& Erie Canal, once thought destined to become a metropolis.
Knox (Also Knoxdale)
- Possibly for the first Secretary of War, Henry Knox. Other
possibilities are that it was named for Knox County, Ohio, or for a
family named Knox.
Latty (Township, Village)
- The township was organized in 1855 and named in honor of Alexander
Sankey (A.S.) Latty, who was county auditor at the time.
later platted the town on his land.
- Founded by George Leslie II, the town later was called Briceton.
Link Post Office
- Unknown. The crossroad community in Carryall Township may
have gotten its name for a local family, or it may have been considered
a "link" between Antwerp and Hicksville.
Llewellyn (Also Lewellyn)
- Tom and Sam Llewellyn built on the north side of the Paulding-Van
Wert County Line; the area on the south side of the road was Scott.
Townspeople had to choose between the names of Scott and
Probably descriptive; a timber site in Benton Township.
- In 1872, Peter Lehman and Joseph Malott platted a village on the
present site of Payne. The new town was called Malottville.
In 1882, petitions to change the name from Malottville to
Payne were filed in the Court of Common Pleas.
Mandale - Named for Dale Mann. A plat for the
town was filed
in June 1889 by D. Mann and Alice Mann.
Marble - Unknown. Possibly a family name.
Marie DeLarme - One version says it was named in honor of
a daughter of
an early French boatman. However, another source indicates
the name is a corruption of the phrase "marais de l'orme" meaning "elm
Maumee - According to one writer, the French explorers
Miami Indians understood from them the name of their tribe as Me-ah-me
or Me-au-me, which they record in French as Miami. The rapid
pronunciation of this three-syllable word, Miami, led the settlers here
after the War of 1812 to pronounce it in two syllables as Maumee.
The name also was sometimes written as Omi or Omee, which may
have been short for the French "au Miami" and "aux Miamis" meaning to
or at the Miami or Miamis.
McDonald Pike - Another name for Road 107. A
road often was
named for the person who petitioned for it.
McGill - Named for John McGill, an organizer of Benton
described as "that old wolf hunter and veteran of the War of 1812."
Melrose - Believed named after the Melrose Abbey in
The town was platted by two Scotsmen in 1845.
Molasses Gap - For a sorghum mill there, used to press
sorghum cane; the juice is boiled down to make molasses.
Morrison Post Office - Named for Chief Justice of the U.S.
Waite. The site was also known as Holcombeville.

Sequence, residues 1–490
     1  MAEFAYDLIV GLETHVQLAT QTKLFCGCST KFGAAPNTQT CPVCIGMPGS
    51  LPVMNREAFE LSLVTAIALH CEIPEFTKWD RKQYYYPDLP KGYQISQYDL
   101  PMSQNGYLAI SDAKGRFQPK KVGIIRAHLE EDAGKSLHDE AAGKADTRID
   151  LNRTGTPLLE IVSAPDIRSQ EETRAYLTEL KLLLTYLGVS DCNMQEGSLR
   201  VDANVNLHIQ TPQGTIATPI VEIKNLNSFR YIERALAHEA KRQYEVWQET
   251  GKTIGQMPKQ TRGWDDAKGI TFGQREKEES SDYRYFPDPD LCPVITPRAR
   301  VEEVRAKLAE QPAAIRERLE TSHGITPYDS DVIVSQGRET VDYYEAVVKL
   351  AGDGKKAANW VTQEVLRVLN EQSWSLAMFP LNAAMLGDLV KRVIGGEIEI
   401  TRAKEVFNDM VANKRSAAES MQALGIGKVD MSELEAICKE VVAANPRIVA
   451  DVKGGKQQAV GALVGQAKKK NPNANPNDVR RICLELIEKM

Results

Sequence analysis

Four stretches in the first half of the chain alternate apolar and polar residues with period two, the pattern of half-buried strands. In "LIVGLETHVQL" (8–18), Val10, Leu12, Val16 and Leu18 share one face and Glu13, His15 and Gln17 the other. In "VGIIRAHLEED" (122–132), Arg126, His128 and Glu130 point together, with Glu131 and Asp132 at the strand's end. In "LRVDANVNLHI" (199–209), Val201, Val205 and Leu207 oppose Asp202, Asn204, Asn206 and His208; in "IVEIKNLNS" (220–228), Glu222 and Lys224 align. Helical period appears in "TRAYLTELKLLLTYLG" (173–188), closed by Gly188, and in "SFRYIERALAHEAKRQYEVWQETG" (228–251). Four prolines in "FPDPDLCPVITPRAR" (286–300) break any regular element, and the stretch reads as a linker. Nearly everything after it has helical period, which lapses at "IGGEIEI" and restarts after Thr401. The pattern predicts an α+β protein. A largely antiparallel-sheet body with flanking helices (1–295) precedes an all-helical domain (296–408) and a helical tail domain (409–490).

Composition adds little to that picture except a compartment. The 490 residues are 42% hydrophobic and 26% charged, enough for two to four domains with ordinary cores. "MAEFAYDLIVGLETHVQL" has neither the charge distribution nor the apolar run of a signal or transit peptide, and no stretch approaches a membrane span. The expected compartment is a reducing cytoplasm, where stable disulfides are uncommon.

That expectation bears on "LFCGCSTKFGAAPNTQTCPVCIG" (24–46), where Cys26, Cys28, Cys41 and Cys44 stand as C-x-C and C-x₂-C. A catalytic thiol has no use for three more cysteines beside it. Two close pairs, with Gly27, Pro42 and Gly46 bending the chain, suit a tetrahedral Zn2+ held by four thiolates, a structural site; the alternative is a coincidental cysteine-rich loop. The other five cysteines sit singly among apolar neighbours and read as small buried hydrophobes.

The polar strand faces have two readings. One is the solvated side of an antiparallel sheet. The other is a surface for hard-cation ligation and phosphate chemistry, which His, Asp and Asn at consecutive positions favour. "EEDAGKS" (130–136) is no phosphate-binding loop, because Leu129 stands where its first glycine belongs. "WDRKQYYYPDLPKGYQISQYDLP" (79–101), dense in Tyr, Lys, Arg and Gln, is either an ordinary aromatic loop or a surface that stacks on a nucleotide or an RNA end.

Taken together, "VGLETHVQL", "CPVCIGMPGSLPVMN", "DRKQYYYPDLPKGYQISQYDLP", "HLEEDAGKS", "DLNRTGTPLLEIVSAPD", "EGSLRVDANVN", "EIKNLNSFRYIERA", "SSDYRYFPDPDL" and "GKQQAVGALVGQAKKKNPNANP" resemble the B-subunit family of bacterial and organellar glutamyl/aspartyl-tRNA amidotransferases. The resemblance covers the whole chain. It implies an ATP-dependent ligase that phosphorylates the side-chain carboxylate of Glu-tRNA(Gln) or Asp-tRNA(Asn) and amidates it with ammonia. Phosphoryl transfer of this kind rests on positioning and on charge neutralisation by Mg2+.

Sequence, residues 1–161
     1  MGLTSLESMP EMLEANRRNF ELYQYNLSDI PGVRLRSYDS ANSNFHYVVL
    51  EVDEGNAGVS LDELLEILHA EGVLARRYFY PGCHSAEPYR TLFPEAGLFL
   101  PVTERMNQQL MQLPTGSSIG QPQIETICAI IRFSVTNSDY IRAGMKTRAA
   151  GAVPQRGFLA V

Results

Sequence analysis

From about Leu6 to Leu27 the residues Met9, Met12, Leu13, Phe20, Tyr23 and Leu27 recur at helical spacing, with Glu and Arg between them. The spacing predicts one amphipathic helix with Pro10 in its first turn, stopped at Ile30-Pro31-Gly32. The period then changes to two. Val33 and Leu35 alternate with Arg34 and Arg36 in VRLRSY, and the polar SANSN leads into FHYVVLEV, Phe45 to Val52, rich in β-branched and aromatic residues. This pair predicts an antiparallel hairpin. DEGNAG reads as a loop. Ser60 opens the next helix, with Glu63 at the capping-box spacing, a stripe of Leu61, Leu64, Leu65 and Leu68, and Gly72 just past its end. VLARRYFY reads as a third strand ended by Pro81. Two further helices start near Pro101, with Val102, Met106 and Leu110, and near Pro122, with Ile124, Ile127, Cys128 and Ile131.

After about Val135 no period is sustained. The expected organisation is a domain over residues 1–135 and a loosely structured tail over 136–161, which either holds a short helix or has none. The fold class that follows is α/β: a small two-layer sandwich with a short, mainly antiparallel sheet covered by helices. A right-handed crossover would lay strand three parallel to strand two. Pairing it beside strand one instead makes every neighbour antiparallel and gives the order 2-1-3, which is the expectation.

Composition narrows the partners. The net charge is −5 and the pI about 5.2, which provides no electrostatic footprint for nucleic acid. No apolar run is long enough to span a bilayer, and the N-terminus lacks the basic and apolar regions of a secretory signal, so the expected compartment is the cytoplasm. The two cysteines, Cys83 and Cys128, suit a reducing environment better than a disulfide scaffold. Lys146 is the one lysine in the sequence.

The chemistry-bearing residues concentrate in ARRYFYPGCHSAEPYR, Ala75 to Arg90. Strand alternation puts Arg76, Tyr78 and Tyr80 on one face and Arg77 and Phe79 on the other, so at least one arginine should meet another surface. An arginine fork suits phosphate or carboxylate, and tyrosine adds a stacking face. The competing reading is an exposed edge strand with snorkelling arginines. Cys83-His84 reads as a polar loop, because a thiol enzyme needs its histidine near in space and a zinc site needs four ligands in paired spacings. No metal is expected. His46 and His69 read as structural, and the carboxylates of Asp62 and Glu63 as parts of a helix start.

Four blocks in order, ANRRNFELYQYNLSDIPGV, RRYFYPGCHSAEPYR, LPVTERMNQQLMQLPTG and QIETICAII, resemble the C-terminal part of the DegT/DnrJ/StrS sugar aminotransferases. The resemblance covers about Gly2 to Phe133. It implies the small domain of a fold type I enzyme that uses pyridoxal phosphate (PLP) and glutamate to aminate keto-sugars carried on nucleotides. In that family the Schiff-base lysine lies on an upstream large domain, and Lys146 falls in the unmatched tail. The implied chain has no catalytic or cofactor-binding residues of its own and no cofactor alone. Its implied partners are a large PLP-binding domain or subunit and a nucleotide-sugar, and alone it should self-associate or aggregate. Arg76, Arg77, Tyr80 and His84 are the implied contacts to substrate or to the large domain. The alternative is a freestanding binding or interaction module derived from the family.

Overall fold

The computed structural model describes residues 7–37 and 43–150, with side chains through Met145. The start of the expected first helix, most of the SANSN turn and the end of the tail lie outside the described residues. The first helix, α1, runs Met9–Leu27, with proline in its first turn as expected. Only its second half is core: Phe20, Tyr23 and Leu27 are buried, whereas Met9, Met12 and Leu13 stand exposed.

Murat - A canal town named for Joachin Murat, a French
Newberg (Also Newburgh) - Probably descriptive; literally,
Also see Royal Oak.
New Harrison - Unknown. Probably named in
William Henry Harrison (See "Harrison").
New Rochester - One source indicates the town was named by
Appleseed, who traveled through Paulding County. Possibly for
Rochester, NY or East Rochester, Ohio. There were Rochester
in Noble, Stark and Lorain counties in Ohio, and a New Rochester in
Nindeville (Also Nineville) - One source states it was
named for the
Nine family, who had a mill there. An 1896 newspaper
mentioned the Ninde family at Nindeville, while the 1900 Census lists a
family named Ninder.
Oakwood - The town was originally called Wide-A-Wake, but
received the more prosaic name of Oakwood, largely because of the heavy
stand of oak trees in the area, according to one source.
Ohio - From an Iroquois word meaning "great river."
Oquanoxa's Reserve - Named for a chief who resided in a
with about 600 Indians of the Ottawa tribe until the reservation was
sold in 1820.
Paulding - For John Paulding, who along with David
Williams and Isaac
Van Wart captured Revolutionary War spy Major Andre.
Payne - Probably for Henry G. Payne, a U.S. Senator from
lawyer with financial interests in the railroads. A post
office called Payne was established there in 1858. The
suggestion has been made that the post office was named Payne by a
grateful community for Mr. Payne's efforts on its behalf with the Post
Office Department. Other speculation is that it was named for
a general in the army or for an early postmaster. The
railroad station and later the town adopted the name of the post
office. The community changed its name from Malottville to
Payne in 1882.
Plumb's Crossroads - For Caleb Plumb, who established the
settlement and built a store.
Point Pleasant/Pleasant Grove - A post office settlement
the Paulding and Van Wert Pike; probably descriptive.
Reid (Also Reids) - Named for Capt. Robert M. Reid, who
instrumental in securing the establishment of a post office for this
Renollet - For the Renollet family, who had large holdings
at the site.
Roselm (Also Roselms) - From the family name "Rose" and
the elm trees
in the vicinity.
Royal Oak - A man named Darling opened a small grocery in
room of his cabin at the site. Darling fashioned a sign from
a store packing box and wrote on it with charcoal the words "Royal Oak
Grocery." He then nailed this sign to a stately old white oak
tree. It was from this grocery and sign that Newberg got its
other name, Royal Oak. Also see Newberg.
Scott - For John Scott, who platted the village in 1882.
Section 8 - A timber town established in Section 8 of
Six Mile Creek - So called because it empties into the
six miles above its mouth.
Smiley - For J.E. Smiley, the postmaster who ran a general
operated a mill and a shingle and a basket bottom factory.
Sophia - Unknown. A post office town in Blue
from July 1893 - April 1895.
Spencer - Unknown. This canal town was located
Township. Possibly a family name. One source
mentions that "The 'state boat' best remembered by the older citizens
of Washington Township was under the command of Capt. Spencer."
St. Andrews - For the patron saint of Scotland.
Sunnyside - Probably descriptive.
Tate's Landing - For Irish canal contractor Lyle (or Lyal)
purchased land there on the Wabash & Erie Canal.
Timberville - Combination of "timber" - a local product
or resource -
and "ville" meaning town. It was located at Lock 31 on the
Miami & Erie Canal and was also known as Hipp's Lock.
Tipton - Unknown. There also are Tiptons located
and Iowa, and England.
Toronto - Unknown. Possibly for Toronto, Canada
or Toronto in
Jefferson County, Ohio.
Washington (Township) - Probably for George Washington.
Washington is America's most common place name.
Wayne Trace - Named in connection with General "Mad"
hero of the Battle of Fallen Timbers in 1794. Wayne's army
traveled through Paulding County along the Auglaize River, Flat Rock
Creek and Maumee River. There's a road named Wayne Trace in
Fort Wayne, and reportedly U.S. 127, which runs in front of the Wayne
Trace High School, was once known as Wayne Highway.
Wildcat Creek - Probably descriptive. A pioneer
noted that in the area in 1857, wildcats, bear, wolves, deer, and
panthers were numerous.
Worstville - For John Worst, who owned a sawmill in this
in the late 1800s.
Wrexham - From Wrexham Lewis, who platted a town and
Wrexham. Alexander Sankey Latty platted another portion of
the town and called his Latty. The town was later
incorporated as Latty.